[63] “Disappointed” the United States wants Macedonia to approve the name change despite a failed referendum,” Russia Today [called January 3, 2019]. As you probably know, the name dispute does not take place in a historical vacuum – the Macedonians of Greek territory have been confronted, among other things, with the linguistic oppression of the Greek state at different stages in the history of the modern Greek state, which culminated in the post-war period, when they were driven out en masse and subjected to ethnic cleansing in the sense that many could not return to their countries. In some parts of Macedonian society, it is precisely those who have been directly involved in the systemic oppression of the Greek state. Added to this is the fact that, since its declaration of independence, Macedonia has been grappling with a capridic neighbour in the south, which is trying to condition the exercise of the self-determination of the Macedonian people in accordance with its own national narrative and fears. [21] Jason Bush, “Russia accuses the West of destabilizing Macedonia,” reuters [called December 23, 2018]. [31] “Agreement between Macedonia and Greece,” macedonia`s virtual [called December 26, 2018]. The dispute first intensified after the declaration of independence of the former Yugoslav Republic of Macedonia, when Greece objected to its recognition by the EC, arguing that its name, the use of symbols related to Greek cultural heritage (such as the Vergina Sun) and a number of provisions of its constitution involved territorial claims over Greek Macedonia. Similarly, Greece opposed the accession of the new independent state to the United Nations. Despite its objections to a name change, the new state was finally admitted to membership in 1993 under the provisional name “former Yugoslav Republic of Macedonia” until the difference between the parties was compensated. [22] Paul Craig Roberts, `A Color Revolution for Macedonia`, Paul Craig Roberts [called December 23, 2018]. On 13 January 2019, Greek Defence Minister Panos Kammenos and his Independent Greeks party left the Greek government coalition because of the Prespa agreement and may have left the ruling coalition without a viable majority in parliament.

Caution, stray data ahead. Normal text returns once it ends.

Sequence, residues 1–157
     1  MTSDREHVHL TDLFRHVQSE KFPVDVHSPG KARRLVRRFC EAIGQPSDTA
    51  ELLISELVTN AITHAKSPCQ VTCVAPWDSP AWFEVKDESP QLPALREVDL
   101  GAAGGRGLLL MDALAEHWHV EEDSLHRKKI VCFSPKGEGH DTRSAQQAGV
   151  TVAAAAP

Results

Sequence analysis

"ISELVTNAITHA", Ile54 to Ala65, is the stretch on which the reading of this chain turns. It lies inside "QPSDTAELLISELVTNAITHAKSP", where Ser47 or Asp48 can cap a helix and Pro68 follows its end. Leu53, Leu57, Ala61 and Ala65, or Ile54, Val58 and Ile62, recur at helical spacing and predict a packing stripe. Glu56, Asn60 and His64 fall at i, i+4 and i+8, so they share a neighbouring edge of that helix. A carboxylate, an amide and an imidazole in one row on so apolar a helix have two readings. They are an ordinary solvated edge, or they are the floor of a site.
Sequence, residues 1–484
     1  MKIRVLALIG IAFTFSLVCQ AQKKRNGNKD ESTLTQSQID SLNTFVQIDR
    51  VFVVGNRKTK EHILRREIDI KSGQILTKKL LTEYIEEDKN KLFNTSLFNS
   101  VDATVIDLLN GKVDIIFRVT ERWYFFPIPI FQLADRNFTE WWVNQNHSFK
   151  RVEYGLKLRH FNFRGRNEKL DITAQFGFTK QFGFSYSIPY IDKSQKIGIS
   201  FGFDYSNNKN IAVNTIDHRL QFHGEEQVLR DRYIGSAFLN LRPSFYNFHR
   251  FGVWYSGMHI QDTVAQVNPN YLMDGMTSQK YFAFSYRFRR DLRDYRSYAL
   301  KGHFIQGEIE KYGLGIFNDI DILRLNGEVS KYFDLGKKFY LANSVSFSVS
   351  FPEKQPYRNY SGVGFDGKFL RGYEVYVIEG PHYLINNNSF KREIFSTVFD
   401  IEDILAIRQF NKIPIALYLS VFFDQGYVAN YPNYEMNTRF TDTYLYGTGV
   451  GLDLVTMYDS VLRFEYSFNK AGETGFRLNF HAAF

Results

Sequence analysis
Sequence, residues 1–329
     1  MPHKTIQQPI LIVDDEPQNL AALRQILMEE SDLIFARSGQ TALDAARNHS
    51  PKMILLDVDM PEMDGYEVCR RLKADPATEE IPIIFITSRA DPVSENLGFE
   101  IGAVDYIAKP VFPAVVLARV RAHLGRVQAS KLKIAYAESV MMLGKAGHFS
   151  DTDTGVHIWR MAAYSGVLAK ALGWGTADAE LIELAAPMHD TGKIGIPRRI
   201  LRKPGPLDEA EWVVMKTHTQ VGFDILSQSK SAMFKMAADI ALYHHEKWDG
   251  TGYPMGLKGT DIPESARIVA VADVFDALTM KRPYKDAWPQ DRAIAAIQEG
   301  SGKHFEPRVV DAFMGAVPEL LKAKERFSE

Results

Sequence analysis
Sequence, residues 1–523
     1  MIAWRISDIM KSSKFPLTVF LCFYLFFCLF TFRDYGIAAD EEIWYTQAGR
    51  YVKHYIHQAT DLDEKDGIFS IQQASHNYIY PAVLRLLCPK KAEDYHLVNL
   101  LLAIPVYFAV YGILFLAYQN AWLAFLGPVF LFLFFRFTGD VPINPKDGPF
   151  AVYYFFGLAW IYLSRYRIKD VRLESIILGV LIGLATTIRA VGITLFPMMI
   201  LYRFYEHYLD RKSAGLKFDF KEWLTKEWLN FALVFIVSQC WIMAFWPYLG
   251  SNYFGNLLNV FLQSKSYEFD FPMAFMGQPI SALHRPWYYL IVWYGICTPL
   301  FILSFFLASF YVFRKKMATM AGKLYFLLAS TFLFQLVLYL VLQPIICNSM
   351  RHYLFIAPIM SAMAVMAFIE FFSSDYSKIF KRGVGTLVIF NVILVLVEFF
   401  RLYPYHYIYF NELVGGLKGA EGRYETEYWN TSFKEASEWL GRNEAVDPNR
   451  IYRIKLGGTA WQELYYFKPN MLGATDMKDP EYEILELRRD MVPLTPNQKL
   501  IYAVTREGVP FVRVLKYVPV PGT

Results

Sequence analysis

[95] Prime Minister Alexis Tsipras then held a vote of confidence on 16 January and survived 151-148, with one MP absent. Tsipras survived the vote with 145 from his Radical Left Syriza party and with six MPs who were Independent or Independent Greeks (ANEL). [96] [97] [98] In the days leading up to the ratification of the Prespa agreement by the Greek Parliament, more than 60,000 demonstrators (600,000 according to the police, according to the organizers) came from all over the country to demand the rejection of the agreement; Some of the protests had turned violent and police had to use tear gas to disperse the groups. [99] [88] Bence Foldi, `The West Doesn`t Respect the Macedonian People`s Will`, Balkan Insight [called January 3, 2019].